These laws are particularly important considering the growing number of manufacturer contract pharmacy exclusions and what they portend for lower reimbursement. Why? Manufacturers are enacting the exclusions in part to limit the use of 340B in commercial insurance plans. Now that covered entities are starting to fork over data to maintain access to 340B contract pharmacy pricing, we expect that manufacturers will use that data as leverage to fight with insurers over reimbursements and to withhold rebates from PBMs. Lacking those rebates, PBMs will in turn target contract pharmacies that are doing a swift trade in 340B by lowering their reimbursement — unless of course you’re in a state that has enacted a 340B anti-discrimination law.

As I’ve been saying, we’re caught in a chess game being operated by the manufacturers. Covered entities need to be thinking all the time about their next moves.

Snapshots of the 340B program

Two new surveys shed new light on 340B and the contract pharmacy standoff. I’ll start with the annual member survey from 340B Health. The report notes that in addition to the financial strain from COVID-19 and staffing issues — KauffmanHall projected that U.S. hospitals would lose a combined $54 billion in net income in 2021 — hospitals felt the pinch from contract pharmacy exclusions.

The report separated its findings by small, mostly rural critical access hospitals on one side, and disproportionate share hospitals, rural referral centers and sole community hospitals, which tend to be larger and are mostly urban, on the other. Some tidbits of interest:

  • On average, the DSH, RRC and SCH facilities have lost 23% of their contract pharmacy savings, while critical access hospitals have lost an average of 39%.
  • Translated into dollars, critical access hospitals lost a median $220,000, with 10% of the responding CAHs having lost at least $700,000. For the mostly urban facilities, the median loss was $1 million, with 10% reporting losses of $9 million or more.
  • Not surprisingly, losses in 2022 are expected to be higher, with more manufacturers enacting restrictions. Hospitals of all stripes say that could mean fewer service offerings, diminished access for low-income and rural patients, and reductions in treatment for patients with cancer and diabetes, among other conditions.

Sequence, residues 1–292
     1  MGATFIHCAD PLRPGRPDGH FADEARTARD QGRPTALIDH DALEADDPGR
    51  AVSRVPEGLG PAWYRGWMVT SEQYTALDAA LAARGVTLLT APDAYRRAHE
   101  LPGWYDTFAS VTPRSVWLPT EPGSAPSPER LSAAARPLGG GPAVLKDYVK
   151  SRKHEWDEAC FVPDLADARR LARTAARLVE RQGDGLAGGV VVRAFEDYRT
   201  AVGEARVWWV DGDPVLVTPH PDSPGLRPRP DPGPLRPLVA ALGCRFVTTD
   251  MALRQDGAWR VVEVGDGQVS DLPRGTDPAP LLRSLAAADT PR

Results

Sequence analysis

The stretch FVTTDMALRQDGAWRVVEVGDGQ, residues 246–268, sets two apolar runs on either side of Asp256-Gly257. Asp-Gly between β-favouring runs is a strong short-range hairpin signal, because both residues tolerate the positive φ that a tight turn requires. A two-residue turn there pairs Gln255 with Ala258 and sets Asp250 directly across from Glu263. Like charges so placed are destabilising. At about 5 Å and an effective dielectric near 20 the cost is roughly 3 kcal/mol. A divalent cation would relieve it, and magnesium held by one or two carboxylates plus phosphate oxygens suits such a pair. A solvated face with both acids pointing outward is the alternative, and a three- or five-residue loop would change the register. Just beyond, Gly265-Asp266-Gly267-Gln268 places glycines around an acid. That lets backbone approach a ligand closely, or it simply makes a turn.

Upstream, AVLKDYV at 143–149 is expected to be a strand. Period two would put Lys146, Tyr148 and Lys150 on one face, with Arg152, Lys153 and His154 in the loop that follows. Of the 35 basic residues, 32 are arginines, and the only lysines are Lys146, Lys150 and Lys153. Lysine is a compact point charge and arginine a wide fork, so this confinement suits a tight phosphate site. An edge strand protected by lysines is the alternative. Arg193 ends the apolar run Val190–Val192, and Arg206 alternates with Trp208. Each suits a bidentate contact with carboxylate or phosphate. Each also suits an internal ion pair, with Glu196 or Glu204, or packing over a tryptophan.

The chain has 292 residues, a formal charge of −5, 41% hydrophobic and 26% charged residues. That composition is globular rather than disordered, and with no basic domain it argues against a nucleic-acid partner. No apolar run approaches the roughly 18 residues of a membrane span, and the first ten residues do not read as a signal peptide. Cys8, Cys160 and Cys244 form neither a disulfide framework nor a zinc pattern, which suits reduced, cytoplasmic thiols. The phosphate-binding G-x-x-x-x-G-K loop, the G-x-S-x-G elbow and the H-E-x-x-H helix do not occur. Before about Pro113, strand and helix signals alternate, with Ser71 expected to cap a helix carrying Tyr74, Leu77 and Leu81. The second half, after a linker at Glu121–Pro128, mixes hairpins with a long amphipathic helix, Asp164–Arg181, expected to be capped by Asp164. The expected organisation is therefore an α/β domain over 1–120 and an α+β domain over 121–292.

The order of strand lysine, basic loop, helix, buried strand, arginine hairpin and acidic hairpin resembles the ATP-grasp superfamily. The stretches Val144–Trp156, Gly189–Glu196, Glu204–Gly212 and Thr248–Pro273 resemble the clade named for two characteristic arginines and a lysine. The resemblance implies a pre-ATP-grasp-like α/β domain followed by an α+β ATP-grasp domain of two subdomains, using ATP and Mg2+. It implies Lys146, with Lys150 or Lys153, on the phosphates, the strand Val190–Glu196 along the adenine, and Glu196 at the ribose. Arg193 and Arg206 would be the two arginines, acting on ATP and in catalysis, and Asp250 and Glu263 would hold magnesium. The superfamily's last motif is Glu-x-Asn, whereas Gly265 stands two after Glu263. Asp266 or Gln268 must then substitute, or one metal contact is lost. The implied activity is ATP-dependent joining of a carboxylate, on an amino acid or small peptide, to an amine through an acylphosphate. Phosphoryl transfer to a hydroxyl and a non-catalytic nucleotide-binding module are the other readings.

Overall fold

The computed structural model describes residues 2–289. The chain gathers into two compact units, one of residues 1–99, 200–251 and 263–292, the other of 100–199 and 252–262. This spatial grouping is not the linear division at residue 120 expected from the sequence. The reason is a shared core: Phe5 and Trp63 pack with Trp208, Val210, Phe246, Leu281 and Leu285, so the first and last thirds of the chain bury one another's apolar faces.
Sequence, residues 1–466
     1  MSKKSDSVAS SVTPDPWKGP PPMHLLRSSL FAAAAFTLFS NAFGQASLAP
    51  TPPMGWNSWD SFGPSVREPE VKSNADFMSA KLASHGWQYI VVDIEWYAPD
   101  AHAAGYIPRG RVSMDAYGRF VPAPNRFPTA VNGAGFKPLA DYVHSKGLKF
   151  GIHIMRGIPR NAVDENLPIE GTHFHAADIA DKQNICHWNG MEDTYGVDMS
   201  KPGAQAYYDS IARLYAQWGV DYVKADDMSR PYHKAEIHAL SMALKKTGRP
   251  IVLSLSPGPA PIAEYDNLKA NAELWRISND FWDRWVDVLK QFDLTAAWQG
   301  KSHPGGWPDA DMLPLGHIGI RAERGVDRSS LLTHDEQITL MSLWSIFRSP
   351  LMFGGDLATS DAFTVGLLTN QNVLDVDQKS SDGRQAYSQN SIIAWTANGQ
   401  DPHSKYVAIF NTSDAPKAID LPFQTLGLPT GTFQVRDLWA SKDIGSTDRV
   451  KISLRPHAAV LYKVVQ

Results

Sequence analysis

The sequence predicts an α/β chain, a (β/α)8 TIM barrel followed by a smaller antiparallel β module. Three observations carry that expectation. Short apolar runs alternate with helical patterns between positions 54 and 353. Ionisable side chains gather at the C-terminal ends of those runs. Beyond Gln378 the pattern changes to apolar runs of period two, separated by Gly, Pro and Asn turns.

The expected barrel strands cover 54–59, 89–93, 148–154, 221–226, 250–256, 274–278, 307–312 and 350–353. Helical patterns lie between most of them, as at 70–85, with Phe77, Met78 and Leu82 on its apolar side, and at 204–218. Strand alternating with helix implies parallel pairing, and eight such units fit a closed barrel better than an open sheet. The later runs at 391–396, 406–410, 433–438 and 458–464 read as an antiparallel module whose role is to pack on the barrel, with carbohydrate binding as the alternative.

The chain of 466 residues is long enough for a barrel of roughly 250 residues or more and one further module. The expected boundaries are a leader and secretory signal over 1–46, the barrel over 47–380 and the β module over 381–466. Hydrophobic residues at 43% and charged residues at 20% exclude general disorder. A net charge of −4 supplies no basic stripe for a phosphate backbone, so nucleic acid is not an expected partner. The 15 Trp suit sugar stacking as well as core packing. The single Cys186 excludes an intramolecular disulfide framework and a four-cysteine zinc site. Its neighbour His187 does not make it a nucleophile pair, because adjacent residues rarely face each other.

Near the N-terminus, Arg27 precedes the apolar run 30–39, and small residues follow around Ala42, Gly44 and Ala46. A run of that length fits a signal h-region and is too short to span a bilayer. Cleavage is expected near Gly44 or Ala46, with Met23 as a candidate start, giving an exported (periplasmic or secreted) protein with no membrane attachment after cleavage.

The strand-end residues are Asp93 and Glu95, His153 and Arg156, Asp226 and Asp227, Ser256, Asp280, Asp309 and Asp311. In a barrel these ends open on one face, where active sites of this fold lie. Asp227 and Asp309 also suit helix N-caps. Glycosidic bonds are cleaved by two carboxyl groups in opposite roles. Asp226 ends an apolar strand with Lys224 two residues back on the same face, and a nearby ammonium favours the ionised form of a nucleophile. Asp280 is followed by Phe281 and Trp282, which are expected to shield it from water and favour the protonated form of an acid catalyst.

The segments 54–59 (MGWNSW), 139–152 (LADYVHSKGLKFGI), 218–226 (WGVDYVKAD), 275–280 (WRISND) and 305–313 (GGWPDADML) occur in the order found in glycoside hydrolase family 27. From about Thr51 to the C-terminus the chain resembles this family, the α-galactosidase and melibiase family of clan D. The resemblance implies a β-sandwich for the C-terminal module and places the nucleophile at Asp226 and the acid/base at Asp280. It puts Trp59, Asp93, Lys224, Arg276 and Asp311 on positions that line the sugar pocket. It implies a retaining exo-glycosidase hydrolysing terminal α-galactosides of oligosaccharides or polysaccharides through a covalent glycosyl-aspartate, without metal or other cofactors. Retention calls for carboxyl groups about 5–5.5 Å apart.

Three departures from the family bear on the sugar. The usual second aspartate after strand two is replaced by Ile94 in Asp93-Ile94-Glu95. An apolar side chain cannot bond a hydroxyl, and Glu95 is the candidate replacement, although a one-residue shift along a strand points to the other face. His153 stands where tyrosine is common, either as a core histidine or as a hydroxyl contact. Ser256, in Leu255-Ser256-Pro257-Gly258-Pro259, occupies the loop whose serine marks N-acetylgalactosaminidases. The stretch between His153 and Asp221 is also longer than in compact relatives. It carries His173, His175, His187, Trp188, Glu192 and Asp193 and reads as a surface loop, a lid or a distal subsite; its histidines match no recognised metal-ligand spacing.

• Nearly two thirds of critical access hospitals said more widespread contract pharmacy restrictions could threaten their ability to keep their doors open.

The other report came from IQVIA, which publishes annual estimates of the 340B program’s size and growth. It estimated 340B sales at $93.6 billion in 2021, about 14% of the overall drug market and an increase of 15.9% over 2020. But that’s less than the 18.1% increase IQVIA found in 2020, and the organization said that 340B sales of diabetes drugs fell 7.4%, compared to a 22% increase in 2020, attributed largely to the contract pharmacy restrictions.

Overall 340B sales through the big retail chain pharmacies were down 5%.

In its methodology, IQVIA explained that it “dollarized” sales “using WAC pricing at the product/pack level” using supplier sell-in data and excluding rebates. The concern with that method is that it’s not how any covered entity would purchase products or what a manufacturer would sell to a covered entity (think group purchasing and other negotiated rates if not for 340B prohibitions). So, it overinflates the number, making 340B seem larger than it is.  By contrast, HHS in its fiscal 2023 budget request estimated that 340B sales in 2020 were approximately $38 billion, about 7.2% of the overall drug market.

It’s also important to note that both surveys were conducted when the number of manufacturers restricting 340B contract pharmacy pricing was smaller than it is today. And because the current number (16) is likely to climb before the year is over, the picture for 340B could be uglier this time next year. Sigh.

Don’t miss our webinar

Meanwhile, next month I’ll be hosting another webinar to help covered entities make sense of the different data models and other policies of manufacturers regarding contract pharmacy exclusions, sharing lessons learned from our industry relations team. Manufacturer Mayhem Marches On takes place Wednesday, May 25 at 2 p.m. ET and is open to customers and non-customers alike. Register here.

In the meantime, make sure you keep the mops and buckets handy and keep bailing. We’re on the righteous path, and together we will forge through this deluge.